Orthopedic Surgery

Knee Replacement

Roughly 600,000 knee replacements are performed each year. All total knee replacements consist of a four-part system: a metal tibial component, a metal femoral component, a plastic insert between them, and a patellar component. A common issue with knee replacements is what surgeons refer to as “wear”.

As the surfaces of the implant rub together, tiny fragments of plastic and metal material wear off. Implant wear accounts for one reason why knee implants can fail, and why a patient may undergo repeat surgery years after the original procedure. One recent study found that in a group of knee implants that were “revised” after an average of 7 years of use, 44% of the cases were the result of plastic wear. There are potential risks with knee replacement surgery such as loosening, fracture, dislocation, wear and infection that may result in the need for additional surgery. Do not perform high impact activities such as running and jumping unless your surgeon tells you the bone has healed and these activities are acceptable. Early device failure, breakage or loosening may occur if you do not follow your surgeon’s limitations on activity level. Early failure can happen if you do not guard your knee joint from overloading due to activity level, failure to control body weight or accidents such as falls. Knee replacement surgery is intended to relieve knee pain and improve knee functions. Talk to your surgeon to determine what treatment may be best for you.

Total Hip Replacement Information

Over 200,000 hip replacements are performed each year in the United States. Hip replacement surgery is one of the most successful procedures in modern medicine. Patients are able to return to high level of function following the rehabilitation. It relieves the pain, increases leg strength, improves quality of life and provides years of easier movement.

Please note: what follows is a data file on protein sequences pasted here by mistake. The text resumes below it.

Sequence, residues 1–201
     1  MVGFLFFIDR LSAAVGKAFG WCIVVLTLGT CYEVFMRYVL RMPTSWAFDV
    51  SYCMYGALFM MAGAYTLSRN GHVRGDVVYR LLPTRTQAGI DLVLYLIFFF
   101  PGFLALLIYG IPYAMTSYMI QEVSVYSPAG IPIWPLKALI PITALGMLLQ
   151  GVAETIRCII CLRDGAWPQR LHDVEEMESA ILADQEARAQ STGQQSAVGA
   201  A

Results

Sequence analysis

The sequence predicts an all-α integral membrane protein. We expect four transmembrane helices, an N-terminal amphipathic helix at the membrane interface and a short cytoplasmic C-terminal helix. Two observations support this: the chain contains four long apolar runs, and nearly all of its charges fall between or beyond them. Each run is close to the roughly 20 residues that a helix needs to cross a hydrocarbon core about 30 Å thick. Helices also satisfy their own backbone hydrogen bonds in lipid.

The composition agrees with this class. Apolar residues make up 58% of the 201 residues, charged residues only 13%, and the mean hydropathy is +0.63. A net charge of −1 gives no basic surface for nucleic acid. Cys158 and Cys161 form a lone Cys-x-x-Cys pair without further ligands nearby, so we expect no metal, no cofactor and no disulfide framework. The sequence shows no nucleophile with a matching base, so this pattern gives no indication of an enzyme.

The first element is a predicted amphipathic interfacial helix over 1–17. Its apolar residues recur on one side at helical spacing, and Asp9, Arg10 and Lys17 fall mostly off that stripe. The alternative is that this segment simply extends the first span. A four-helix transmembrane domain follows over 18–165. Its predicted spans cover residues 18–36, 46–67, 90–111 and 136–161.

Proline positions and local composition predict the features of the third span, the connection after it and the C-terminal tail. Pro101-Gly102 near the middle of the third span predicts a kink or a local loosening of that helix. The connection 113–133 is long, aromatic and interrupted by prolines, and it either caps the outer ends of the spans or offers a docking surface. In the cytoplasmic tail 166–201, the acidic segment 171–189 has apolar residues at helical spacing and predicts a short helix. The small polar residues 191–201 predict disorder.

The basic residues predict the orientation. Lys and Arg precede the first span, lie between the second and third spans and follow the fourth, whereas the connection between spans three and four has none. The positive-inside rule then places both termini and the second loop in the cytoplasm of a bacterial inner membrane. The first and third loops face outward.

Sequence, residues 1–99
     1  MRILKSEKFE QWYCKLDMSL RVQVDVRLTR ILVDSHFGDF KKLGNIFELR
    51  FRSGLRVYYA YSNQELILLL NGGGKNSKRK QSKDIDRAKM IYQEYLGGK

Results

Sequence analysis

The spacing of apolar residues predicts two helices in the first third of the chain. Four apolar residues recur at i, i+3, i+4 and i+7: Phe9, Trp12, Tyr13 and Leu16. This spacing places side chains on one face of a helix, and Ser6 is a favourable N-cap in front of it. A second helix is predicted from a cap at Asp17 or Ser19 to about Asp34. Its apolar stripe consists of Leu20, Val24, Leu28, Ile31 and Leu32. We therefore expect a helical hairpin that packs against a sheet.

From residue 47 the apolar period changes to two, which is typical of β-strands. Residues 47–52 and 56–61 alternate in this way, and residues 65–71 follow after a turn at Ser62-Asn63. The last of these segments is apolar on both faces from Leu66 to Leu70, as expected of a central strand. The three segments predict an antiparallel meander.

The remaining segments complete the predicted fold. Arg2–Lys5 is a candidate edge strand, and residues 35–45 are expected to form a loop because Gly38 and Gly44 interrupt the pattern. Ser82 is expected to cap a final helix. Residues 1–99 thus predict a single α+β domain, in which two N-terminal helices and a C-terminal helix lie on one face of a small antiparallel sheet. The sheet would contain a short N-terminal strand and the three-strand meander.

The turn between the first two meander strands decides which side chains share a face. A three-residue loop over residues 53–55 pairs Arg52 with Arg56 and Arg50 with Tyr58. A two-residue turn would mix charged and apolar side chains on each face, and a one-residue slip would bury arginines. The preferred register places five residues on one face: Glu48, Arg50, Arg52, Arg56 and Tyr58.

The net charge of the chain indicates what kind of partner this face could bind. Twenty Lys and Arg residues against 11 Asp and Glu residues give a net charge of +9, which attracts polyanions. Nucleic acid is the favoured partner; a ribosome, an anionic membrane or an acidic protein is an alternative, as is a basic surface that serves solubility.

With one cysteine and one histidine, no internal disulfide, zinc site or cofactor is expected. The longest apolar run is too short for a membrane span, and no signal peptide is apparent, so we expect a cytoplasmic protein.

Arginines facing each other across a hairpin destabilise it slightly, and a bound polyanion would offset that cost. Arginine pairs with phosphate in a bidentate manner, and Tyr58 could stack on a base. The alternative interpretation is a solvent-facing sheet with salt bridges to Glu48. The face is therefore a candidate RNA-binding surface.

BIRMINGHAM HIP™ Resurfacing System

An exciting new alternative to total hip replacement is now available in the United States. Used successfully for years around the globe, the BIRMINGHAM HIP™ Resurfacing System has recently been approved by the Food and Drug Administration for use in the United States. Now, patients suffering from hip pain due to arthritis, dysplasia or avascular necrosis can benefit from its conservative approach to treatment.

Because this technologically advanced surgical procedure resurfaces rather than replaces the end of your femur (thighbone), you may participate in more strenuous physical activity with an implant that is potentially more stable and longer-lasting than traditional total hip replacements. And if future revision surgery is required, it may be a less complex and less traumatic procedure.

In fact, a 1,626-hip study of the effectiveness of the technique found that 99.5-percent of patients responded they were “Pleased” or “Extremely pleased” with the results of their BIRMINGHAM HIP™ Resurfacing surgery.

 

 

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